2012 Chevrolet Orlando Road Test | National Post

2012 Chevrolet Orlando Review
Road Test: 2012 Chevrolet Orlando
By Graeme Fletcher, National Post
The list of cars sold in Canada but not in the United States is depressingly short. Over time, it has included some good rides such as the Acura EL and Toyota Echo along with some real dogs. One only has to look back to the bad, old days when the Ladas and Skodas of this world were using Canada as the launching point for a foray into the U.S. market.
The latest to join this abbreviated list is the Chevrolet Orlando. It is another product from GM Daewoo (yes, that Daewoo), one that is heavily based on the Chevrolet Cruze. In this case, it is large enough to accommodate seven riders yet small enough to be a city-friendly conveyance. As such, it swells the ranks of the mini-minivan market.
As with the other contenders in the segment, namely the Mazda5 and Kia Rondo, the Orlando is an either/or proposition. With seven riders aboard, cargo capacity is limited to just 3.6 cubic feet of space – it is essentially a vertical load area with little depth to it. Dropping the third row flat, which is a one-handed operation, opens up a large cargo area (General Motors does not provide a number) while providing enough space to carry five adults – four if they happen to be of the large variety. Lowering the middle row reveals a commendably flat floor and 56.3 cu. ft. My lone wish is for a fold-flat front passenger’s seat – it would allow much longer items to be accommodated inside the Orlando with the tailgate closed.
Up front, the Orlando is very Cruze-like in its layout. The anomaly is the plastic that rings the cabin. While it is of decent quality, it is a mismatch of types. Some of it is textured, some not, some is piano black, other bits are titanium-like. Then there are the chromed door handles and air vent surrounds. It makes little sense. Likewise, forcing someone to move up to the top-level Orlando to enjoy toasted buns in not a wise move either.
THE SPECS: 2012 Chevy Orlando
Type of vehicle Front-wheel-drive compact crossover
Engine 2.4L DOHC four-cylinder
Power 174 hp @ 6,700 rpm; 171 lb-ft of torque @ 4,900 rpm
Transmission Six-speed manumatic
Brakes Four-wheel disc with ABS
Tires P215/60R16 (optional winter)
Price: base/as tested $19,995/$24,815
Destination charge $1,495
Transport Canada fuel economy L/100 km 10.6 city, 6.9 hwy.
Quibbles aside, there are two very cool features. The first is a small button by the power window switches. When depressed, it not only locks out the rear windows, it also activates the childproof door locks – someone was obviously thinking. The second feature is something that’s destined to catch on and not just within GM. On the radio’s faceplate there is a button – push it upward and the whole faceplate lifts to reveal a fair-sized compartment that houses USB and auxiliary inputs. The beauty is that it allows an iPod to be plugged in and the face closed, which keeps it hidden and away from prying eyes.
The Orlando is powered by GM’s ubiquitous 2.4-litre Ecotec engine. It puts out 174 horsepower and 171 pound-feet of torque. In this application, the available oomph is up to the task of ferrying a couple of riders around with the desired punch. From a standstill, the Orlando runs to 100 kilometres an hour in 10.4 seconds and accomplishes the more important 80-to-120-km/h passing move in seven seconds. The nit has to do with the noise the engine makes when it’s pressed to redline. Thankfully, this is an infrequent occurrence. Using the Orlando to capacity does blunt the edge noticeably – this is where the turbocharged torque of GM’s 2.0L peppy turbo four would pay big dividends.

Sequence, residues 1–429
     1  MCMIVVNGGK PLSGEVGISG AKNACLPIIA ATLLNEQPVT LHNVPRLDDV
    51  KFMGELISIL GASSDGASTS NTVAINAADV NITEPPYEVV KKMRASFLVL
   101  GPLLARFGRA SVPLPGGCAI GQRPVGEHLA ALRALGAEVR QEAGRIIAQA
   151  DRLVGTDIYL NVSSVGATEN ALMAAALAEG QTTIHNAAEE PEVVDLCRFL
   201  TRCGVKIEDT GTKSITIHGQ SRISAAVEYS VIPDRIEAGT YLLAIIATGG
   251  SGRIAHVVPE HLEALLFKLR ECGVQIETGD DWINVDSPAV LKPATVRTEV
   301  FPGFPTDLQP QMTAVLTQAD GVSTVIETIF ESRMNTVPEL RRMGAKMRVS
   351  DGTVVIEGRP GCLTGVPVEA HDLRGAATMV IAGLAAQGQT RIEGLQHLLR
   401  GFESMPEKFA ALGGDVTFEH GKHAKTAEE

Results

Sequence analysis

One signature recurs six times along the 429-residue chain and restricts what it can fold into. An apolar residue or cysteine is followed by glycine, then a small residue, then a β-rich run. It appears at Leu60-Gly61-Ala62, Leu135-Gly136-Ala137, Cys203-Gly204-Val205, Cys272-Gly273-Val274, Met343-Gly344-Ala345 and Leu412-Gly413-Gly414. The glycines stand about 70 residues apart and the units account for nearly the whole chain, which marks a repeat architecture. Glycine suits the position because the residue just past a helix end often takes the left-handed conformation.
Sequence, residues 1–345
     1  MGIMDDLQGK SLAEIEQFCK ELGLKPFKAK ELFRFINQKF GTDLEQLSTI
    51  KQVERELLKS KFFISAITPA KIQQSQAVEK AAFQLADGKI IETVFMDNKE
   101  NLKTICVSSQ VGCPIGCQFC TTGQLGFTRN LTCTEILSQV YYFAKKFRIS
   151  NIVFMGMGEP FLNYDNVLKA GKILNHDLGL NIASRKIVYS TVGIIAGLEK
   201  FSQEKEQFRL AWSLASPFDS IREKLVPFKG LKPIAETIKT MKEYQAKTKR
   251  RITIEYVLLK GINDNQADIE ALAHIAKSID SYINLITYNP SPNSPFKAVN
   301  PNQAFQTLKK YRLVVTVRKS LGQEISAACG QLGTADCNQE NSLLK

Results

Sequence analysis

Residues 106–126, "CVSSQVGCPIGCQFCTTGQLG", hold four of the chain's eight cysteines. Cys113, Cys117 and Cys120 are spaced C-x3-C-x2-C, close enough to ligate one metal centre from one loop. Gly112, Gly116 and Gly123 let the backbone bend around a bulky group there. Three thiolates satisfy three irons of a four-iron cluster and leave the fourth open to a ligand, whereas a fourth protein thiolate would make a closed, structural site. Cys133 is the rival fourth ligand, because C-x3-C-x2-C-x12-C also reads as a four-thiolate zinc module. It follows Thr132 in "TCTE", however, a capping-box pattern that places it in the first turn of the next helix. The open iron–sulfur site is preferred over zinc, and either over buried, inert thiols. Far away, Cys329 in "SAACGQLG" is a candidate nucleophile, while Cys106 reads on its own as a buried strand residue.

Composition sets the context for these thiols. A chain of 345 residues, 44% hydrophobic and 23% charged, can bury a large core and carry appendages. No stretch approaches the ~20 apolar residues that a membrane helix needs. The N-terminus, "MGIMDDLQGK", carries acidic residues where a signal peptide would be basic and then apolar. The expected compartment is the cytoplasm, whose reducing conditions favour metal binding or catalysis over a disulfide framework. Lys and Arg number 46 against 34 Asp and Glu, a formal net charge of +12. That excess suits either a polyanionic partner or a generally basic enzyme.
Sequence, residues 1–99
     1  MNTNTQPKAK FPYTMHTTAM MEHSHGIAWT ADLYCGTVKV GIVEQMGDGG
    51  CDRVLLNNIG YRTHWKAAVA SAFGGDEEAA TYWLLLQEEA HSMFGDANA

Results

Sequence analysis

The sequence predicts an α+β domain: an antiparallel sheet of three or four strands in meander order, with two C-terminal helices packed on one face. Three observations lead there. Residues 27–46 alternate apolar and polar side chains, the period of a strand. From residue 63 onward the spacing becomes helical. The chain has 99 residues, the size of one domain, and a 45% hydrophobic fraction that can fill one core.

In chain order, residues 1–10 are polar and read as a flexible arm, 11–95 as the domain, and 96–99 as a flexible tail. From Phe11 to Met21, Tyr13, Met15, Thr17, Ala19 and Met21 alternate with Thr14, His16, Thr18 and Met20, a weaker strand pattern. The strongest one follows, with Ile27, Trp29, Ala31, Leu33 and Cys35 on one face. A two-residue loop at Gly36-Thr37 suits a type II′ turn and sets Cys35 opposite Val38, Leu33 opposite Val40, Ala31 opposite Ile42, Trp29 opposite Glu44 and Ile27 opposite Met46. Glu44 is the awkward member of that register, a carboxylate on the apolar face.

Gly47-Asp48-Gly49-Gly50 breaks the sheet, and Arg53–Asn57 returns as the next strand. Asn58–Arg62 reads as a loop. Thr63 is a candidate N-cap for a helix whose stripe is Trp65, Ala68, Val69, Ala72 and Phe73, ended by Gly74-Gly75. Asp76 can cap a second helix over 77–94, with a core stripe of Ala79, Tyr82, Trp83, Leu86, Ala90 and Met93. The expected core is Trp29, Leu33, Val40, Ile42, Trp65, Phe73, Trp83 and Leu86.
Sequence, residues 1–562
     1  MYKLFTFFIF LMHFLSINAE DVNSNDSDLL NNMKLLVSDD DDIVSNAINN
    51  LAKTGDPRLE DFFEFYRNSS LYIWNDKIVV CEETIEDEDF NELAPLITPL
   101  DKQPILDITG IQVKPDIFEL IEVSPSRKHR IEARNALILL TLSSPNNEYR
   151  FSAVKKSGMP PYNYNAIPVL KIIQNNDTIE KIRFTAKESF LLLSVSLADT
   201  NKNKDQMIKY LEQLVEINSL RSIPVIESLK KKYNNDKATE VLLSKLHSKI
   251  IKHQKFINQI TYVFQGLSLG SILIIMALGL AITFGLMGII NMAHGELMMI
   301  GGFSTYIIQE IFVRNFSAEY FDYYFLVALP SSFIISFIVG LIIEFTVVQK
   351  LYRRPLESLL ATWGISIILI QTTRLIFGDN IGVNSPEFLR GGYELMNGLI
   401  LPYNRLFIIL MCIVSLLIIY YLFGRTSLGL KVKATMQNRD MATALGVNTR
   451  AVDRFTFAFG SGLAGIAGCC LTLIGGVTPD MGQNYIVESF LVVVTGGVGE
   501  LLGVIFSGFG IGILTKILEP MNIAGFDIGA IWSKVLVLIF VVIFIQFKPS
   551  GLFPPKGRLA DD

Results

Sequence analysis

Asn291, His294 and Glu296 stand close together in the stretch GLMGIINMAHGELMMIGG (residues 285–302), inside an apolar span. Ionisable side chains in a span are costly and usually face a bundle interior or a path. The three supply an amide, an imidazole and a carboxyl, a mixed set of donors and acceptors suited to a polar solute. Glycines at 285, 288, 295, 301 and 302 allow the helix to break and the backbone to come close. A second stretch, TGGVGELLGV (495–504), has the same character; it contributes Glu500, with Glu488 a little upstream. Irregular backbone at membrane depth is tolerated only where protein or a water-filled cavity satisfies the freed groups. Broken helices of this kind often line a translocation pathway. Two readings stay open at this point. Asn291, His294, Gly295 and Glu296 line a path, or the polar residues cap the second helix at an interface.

The tester fired its power to the front wheels through a six-speed automatic transmission that is typical GM – smooth and refined. There is a manual mode, but, given the Orlando’s station in life, it is not going to see much use. In somewhat of an unusual move, the Orlando arrives with a manual transmission as the base unit on all but the range-topping LTZ. This begs the obvious question – why? This is not a speedster where stirring one’s own gears amps up the fun; it is a utility vehicle that keys on its multi-passenger/cargo ability.
The Orlando’s ride and handling characteristics are surprisingly good. Unlike many seven-passenger rides, the suspension has a planted feel that limits body roll almost as well as it cushions a rough road. Likewise, the steering delivers great feedback and it is nicely weighted across a broad speed range. The brakes are also up to the task of hauling the Orlando down from speed without fading into oblivion. This holds true when there is a full complement of passengers aboard. At last, here’s a multi-passenger vehicle that does not bore the driver to death.
The Orlando cannot do what a full-on minivan does, but that is not where it comes into its own. Its forte is found in its availability to carry seven people without feeling like one is driving a bus. In somewhat of an irony, the original Honda Odyssey minivan failed in the mid-’90s because of its size; the Chevy Orlando is likely to succeed because of it.
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